Architect Paul Devrouax Passes

Photo courtesy of
‘Washington, D.C. Convention Center’
courtesy of ‘NCinDC’

Architect Paul S. Devrouax, JR., FAIA passed away earlier today of causes not yet known.

Devrouax was the founding principal of Devrouax and Purnell Architects, a DC-based architecture firm that was established in 1978 and was the creative genius behind well-known city projects such as Nationals Park, the Convention Center, and the City Museum.

Samantha can often be found daydreaming by the Rothkos of the East Gallery, sketching store facades along 14th, and snapping photos with her vintage polaroid at 9:30 club concerts. Since moving to DC in 2007 to get an MFA in Interior Design, her eyes can’t seem to be peeled away from the beautiful things in this city. Send any visual art, architecture, or design related news her way via Samantha (at)

9 thoughts on “Architect Paul Devrouax Passes

  1. he was definitely an interesting character in the dc architecture world and he will be missed. but i don’t think he was really the “creative genius” behind those projects. if i’m not mistaken, devrouax + purnell typically are the architects of record for most of their notable projects, not the design architects.

  2. Paul Devrouax will be missed. May he rest in Peace. The firm devrouax+purnell will continue striving as they have been. They are the creative genius in the above listed projects not just the architects of record. The unsung designer of the firm has done many wonderful projects.

  3. Thank you for the inquiry, however, I am pretty sure that the firm was the design architects behind the projects as well. I will look into this more though, and I appreciate you pointing it out for me dubs.

    Furthermore, when mentioning “creative genius” I was referencing the firm as a whole, not just Devrouax – because Marshall Purnell was quite the partner in his own right. Additionally, it can’t be overlooked that it takes an entire team to make projects of this scale really happen. Perhaps I could have clarified this statement better.

  4. Oh I see your pretty sure,? No I know that the designs came from the firm. Knowing the designer personally and seeing the original sketches across his desk. Yes it is true that the firm mostly is hired as architect of record, however clients are quickly won over for the design solutions. It is interesting though, that you would automatically doubt. I wonder why. when you check your facts, call around and ask people don’t rely on the internet.

  5. My response was mostly for the first commenter, who suggested that the firm was typically only the architects of record. I did my research and stand by my original posting. Clearly we agreed from the start.

  6. Paul Devrouax will remain very special to me. I worked for him when he just started Paul Devrouax Associates; it had just changed from Stansberry Devrouax. I remember the day he had the Paul Devrouax Associates plaque installed in the basement off on 19th Street off Dupont Circle. Paul gave me a chance when others would not.

    I remember the days before Marshall arrived when, as a recent graduate from Howard, Paul assigned me multiple projects and multiple tasks. I remember the day D&P got their first big break for what was called the Municipal Office Building, now called the Reeves Center.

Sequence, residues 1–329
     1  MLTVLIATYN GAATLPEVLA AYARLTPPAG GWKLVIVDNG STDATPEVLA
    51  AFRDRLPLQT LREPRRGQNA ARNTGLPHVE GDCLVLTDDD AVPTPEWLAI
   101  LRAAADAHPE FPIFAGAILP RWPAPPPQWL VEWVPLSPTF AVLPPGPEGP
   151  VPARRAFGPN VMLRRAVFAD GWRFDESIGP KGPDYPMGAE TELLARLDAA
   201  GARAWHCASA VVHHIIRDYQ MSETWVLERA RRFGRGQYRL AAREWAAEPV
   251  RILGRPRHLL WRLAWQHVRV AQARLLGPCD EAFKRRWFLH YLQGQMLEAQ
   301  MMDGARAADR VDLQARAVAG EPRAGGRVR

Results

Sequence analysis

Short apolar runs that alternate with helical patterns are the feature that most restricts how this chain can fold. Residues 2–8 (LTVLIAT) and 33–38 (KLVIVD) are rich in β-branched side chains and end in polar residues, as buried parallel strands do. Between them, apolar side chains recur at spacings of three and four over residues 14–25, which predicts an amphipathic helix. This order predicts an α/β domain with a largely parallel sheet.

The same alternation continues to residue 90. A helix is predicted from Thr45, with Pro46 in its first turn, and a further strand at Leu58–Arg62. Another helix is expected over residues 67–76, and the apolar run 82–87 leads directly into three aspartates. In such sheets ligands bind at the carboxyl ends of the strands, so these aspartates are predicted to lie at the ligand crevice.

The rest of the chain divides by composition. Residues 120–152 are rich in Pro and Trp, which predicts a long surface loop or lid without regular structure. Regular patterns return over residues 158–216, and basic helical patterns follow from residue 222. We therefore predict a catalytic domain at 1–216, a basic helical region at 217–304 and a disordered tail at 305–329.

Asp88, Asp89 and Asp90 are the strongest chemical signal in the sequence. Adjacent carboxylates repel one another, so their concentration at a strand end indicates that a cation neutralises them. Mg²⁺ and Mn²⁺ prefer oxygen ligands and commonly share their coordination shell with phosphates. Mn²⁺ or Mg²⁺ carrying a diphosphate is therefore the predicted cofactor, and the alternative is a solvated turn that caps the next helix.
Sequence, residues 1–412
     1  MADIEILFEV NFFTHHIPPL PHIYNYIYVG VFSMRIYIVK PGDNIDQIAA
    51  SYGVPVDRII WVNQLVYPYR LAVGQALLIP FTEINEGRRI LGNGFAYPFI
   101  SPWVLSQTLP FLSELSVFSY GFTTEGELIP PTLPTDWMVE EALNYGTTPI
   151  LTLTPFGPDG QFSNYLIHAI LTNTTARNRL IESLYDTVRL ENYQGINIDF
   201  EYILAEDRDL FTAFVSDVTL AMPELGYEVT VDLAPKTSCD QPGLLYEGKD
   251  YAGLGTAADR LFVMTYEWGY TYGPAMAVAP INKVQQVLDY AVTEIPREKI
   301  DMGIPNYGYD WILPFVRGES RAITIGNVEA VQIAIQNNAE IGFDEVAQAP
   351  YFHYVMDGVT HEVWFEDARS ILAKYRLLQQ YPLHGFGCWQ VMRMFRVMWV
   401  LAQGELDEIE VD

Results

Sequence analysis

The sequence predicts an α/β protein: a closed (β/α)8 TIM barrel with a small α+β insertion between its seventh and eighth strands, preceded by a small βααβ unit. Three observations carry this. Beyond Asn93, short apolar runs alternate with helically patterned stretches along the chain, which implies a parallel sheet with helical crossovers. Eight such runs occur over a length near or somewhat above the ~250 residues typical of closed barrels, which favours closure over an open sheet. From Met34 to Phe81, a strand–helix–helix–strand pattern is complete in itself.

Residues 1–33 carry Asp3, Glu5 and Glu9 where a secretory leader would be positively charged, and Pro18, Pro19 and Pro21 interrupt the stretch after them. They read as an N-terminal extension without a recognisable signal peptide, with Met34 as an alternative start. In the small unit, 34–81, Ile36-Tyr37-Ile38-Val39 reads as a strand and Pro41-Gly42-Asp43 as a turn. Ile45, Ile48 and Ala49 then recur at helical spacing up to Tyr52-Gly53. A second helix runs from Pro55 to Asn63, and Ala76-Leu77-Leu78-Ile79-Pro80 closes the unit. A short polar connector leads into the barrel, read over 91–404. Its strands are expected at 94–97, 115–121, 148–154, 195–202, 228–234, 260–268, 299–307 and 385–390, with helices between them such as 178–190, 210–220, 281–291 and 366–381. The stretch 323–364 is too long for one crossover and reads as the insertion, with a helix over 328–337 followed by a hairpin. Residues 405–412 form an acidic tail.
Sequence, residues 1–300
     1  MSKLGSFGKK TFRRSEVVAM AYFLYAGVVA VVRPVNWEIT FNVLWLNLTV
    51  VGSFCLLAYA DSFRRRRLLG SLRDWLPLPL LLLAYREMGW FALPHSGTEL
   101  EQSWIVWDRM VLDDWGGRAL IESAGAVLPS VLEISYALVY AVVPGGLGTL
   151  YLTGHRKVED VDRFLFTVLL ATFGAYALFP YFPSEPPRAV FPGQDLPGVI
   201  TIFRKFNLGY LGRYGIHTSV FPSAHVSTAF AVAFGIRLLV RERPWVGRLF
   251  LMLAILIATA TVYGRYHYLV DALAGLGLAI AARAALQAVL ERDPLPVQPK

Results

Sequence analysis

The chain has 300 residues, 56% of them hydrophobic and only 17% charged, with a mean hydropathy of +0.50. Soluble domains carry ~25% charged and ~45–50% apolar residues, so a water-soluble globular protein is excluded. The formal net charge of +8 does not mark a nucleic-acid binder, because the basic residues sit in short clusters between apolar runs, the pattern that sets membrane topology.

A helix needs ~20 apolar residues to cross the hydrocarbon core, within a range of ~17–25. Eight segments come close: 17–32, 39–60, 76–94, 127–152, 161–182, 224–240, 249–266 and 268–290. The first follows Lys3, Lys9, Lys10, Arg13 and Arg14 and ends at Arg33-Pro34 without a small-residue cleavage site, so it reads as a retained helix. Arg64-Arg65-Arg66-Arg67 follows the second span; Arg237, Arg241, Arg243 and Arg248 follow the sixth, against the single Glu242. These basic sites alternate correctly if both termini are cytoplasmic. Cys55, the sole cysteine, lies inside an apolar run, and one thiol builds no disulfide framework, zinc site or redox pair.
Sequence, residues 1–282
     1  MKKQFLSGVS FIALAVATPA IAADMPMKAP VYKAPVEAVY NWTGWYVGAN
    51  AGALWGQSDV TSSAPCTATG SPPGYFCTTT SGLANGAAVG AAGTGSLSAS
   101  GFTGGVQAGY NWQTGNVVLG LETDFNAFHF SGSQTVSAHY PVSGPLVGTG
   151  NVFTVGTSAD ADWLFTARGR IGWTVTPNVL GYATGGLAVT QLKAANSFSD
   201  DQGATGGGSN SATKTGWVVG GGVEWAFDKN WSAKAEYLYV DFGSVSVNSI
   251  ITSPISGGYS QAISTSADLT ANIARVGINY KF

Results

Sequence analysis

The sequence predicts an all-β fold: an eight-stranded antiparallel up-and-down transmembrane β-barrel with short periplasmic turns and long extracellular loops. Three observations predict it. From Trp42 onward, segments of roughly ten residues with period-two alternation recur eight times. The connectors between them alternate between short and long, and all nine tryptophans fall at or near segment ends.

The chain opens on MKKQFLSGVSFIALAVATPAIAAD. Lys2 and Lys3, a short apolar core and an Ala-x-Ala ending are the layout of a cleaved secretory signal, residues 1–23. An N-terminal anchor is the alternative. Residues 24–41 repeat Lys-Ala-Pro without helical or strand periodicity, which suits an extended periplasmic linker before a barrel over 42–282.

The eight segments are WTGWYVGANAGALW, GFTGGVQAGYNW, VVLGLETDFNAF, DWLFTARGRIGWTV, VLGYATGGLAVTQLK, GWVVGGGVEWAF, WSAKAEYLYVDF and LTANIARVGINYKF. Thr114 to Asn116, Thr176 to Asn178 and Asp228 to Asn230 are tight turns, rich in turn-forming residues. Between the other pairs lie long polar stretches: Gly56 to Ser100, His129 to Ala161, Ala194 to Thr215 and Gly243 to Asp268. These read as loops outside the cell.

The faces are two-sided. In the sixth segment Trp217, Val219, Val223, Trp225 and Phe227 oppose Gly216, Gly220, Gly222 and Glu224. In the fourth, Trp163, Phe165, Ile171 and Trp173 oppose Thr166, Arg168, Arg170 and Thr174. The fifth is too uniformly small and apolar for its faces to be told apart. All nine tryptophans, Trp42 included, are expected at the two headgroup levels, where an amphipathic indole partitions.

I am happy that I had a chance to tell him years ago what it mean to me. I will always be grateful as I am stunned at this moment.

    E. Bland

  7. I worked for Devrouax & Purnell for approx. 10 years, and I’m so very greatful for the experience. It felt as though I was working along side family (and I have never been able to say that about any other company/firm I’ve worked for since). I can still hear Paul’s hearty laugh when he and Marshall had some inside conversation and/or joke going on. I can hear him yelling my name from his office (especially the day the pipes burst in his office). You guys don’t know how much easier you made my transition from Chicago to DC.

    I’m still stunned beyond belief, and I know Paul will be miss deeply. To Brenda, Leslie, and the D&P family my heart grieves with you, and you have my deepest sympathy.

  8. I had the pleasure of meeting Paul about ten years ago what would be known as his “Cheers” after work hours. He was fun loving, and the man had jokes. I will miss Paul as many others will and the home that would be known as his “Cheers” will miss him as well.

    To the Devrouax family I extend my heartfelt sympathy.

    May he rest in peace.

  9. One of my first project upon moving to the metropolitan DC area was videotaping Leslie’s designs for her entrance to my Alma mater, Syracuse University. I had met Brenda at an event I was contracted to tape and she invited me to meet with her and Paul to discuss the project. Being new to the area and not knowing what to expect especially after having experienced a very costly financial business loss, I didn’t expect much. But after hearty conversation, I knew that doing this job to assist his daughter was an honor to serve a wonderful family. We shot the video in his offices and Leslie a perfectionist seemed very pleased with mom and dad beaming over their daughters work. Years later I was able to connect with an architect who started with Paul, Marc Doswell who grew up with me and was a good friend at Syracuse Univ. God Bless to the Devrouax family. Agape, Regge